The United States, the largest economy in the world, is expected to see a slowdown in its q/q rate of growth from Q4 2022 to Q1 2023. September data reveals that Q4 2022 nowcast has been largely driven heavily by employment indicators such as initial claims for unemployment insurance and change in ADP Nonfarm Private Payroll Employment. However, the largest driver has been the general business conditions of the Empire State Manufacturing Survey, which was coincidentally the biggest inhibitor of the nowcast in the previous month. The trade and external indicators mostly witnessed a negative impact on the Q4 2022 nowcast in September, but the consumer confidence indicator for Euro Area has turned around significantly, impacting the nowcast positively in October. The Euro Area GDP for Q4 2022 is slated to decline by 0.5% q/q. In terms of the underlying indicators, the manufacturing PMI for Italy was the largest promoter of the nowcast in September. In October, however, the industry business climate indicator for France occupied the spot. Other noteworthy indicators in September were the services PMI for France, the business sentiment indicator of France, which grew the nowcast sharply. The Euro Area consumer confidence turned out to be the greatest inhibitor of the Q4 2022 nowcast, followed by the ZEW economic sentiment and IFO business climate index, both for Germany.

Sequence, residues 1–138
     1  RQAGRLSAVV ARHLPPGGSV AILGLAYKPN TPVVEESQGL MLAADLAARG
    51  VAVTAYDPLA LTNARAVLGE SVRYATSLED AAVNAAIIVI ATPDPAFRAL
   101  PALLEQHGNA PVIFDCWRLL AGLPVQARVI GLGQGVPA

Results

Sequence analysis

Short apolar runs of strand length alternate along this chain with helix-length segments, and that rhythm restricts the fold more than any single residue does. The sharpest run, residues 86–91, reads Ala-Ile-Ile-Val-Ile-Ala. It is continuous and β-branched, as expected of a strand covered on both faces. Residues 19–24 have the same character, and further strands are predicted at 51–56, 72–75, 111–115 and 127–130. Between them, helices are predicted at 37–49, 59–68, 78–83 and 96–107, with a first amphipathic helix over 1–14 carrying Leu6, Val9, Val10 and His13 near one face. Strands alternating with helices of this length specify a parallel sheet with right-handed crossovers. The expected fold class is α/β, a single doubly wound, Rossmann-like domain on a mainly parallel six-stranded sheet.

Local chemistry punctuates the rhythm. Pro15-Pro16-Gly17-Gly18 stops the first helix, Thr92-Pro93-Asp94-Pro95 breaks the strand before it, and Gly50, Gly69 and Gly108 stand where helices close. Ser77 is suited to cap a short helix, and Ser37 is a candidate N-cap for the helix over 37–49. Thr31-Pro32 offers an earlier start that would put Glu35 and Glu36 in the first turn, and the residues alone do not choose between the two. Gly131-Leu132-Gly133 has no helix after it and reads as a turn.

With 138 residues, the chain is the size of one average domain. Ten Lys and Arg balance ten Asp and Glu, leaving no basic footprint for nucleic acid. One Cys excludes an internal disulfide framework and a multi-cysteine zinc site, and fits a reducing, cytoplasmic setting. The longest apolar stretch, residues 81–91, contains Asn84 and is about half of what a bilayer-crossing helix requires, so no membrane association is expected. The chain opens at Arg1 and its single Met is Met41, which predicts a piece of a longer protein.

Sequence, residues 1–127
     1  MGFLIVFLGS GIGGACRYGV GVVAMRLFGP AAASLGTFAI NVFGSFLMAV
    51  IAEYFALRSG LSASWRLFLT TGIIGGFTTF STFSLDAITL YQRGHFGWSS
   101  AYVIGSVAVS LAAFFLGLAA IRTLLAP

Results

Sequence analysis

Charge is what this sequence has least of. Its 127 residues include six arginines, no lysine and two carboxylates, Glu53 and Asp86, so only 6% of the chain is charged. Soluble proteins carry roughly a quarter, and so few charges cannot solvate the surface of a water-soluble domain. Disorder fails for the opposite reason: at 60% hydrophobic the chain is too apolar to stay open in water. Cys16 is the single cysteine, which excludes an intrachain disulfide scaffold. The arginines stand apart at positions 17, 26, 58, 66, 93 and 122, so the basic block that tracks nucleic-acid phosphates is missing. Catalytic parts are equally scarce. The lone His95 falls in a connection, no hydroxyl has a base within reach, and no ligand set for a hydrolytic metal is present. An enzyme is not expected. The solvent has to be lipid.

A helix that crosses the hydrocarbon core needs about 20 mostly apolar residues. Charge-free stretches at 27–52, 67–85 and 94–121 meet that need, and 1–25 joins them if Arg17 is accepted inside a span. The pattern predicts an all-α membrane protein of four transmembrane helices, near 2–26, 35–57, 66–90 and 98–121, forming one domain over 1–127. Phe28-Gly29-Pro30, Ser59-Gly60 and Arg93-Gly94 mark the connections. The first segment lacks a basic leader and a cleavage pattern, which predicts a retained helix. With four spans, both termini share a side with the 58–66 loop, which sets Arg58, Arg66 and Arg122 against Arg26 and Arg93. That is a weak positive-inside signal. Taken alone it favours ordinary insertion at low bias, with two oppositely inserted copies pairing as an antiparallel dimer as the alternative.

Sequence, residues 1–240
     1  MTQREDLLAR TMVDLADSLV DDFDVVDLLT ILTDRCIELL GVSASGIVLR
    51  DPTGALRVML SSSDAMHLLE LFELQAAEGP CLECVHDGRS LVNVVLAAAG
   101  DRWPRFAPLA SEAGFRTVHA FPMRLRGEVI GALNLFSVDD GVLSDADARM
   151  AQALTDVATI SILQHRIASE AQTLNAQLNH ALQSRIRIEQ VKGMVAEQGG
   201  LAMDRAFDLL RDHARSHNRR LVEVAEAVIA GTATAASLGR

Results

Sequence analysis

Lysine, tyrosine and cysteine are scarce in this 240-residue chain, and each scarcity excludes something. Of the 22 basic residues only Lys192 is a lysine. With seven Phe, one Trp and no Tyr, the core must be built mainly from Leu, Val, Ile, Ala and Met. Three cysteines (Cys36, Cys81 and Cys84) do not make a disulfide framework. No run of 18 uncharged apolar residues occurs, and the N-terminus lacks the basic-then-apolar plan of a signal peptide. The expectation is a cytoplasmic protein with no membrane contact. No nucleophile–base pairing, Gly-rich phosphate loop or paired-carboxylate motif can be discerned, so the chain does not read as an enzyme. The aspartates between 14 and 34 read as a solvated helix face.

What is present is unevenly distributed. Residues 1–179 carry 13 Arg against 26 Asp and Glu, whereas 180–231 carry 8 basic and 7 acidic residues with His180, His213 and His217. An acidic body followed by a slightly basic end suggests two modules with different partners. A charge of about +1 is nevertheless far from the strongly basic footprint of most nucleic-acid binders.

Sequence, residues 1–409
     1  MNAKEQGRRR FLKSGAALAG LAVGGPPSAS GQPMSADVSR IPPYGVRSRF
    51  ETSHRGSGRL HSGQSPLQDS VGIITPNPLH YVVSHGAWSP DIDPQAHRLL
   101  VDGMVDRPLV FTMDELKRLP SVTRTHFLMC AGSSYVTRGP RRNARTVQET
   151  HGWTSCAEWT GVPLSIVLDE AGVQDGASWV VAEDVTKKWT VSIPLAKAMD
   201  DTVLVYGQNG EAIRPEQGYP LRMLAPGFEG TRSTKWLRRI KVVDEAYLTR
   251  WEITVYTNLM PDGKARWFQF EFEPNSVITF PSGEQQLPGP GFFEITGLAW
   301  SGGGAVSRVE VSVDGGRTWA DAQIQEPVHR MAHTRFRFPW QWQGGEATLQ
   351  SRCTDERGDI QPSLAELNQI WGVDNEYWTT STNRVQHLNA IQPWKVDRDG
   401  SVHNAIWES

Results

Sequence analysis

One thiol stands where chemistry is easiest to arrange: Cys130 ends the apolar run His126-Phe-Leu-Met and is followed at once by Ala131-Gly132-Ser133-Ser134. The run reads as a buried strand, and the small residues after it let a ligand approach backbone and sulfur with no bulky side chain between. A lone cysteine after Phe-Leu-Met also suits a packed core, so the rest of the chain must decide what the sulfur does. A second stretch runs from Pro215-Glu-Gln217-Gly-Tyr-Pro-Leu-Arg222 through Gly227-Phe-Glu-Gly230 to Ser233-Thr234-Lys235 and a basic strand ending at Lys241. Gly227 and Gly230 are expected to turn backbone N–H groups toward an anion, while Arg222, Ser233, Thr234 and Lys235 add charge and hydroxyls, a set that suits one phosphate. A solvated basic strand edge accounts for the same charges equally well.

Growth has been impacted across Europe due to the Russia-Ukraine war and high energy inflation. The United Kingdom is the worst hit amongst the group of advanced economies as indicated by the Q4 2022 GDP nowcast, with an estimated 1.2% q/q decline. At the same time, UK’s growth is expected to see a turnaround in Q1 2023, with a 1.0% q/q increase. The PMI for construction contributed most to the growth of the Q4 2022 nowcast in September 2022, followed by new passenger car registrations for the UK, and the new passenger car registrations for the Euro Area. Interestingly, all the primary inhibitors of growth for Q4 2022 turn into the biggest promoters of the nowcast for Q1 2023, in the same order. The October values of manufacturing PMI for the Euro Area have had completely contrasting impacts on the current and the next quarter, going from the biggest detractor to the greatest promoter.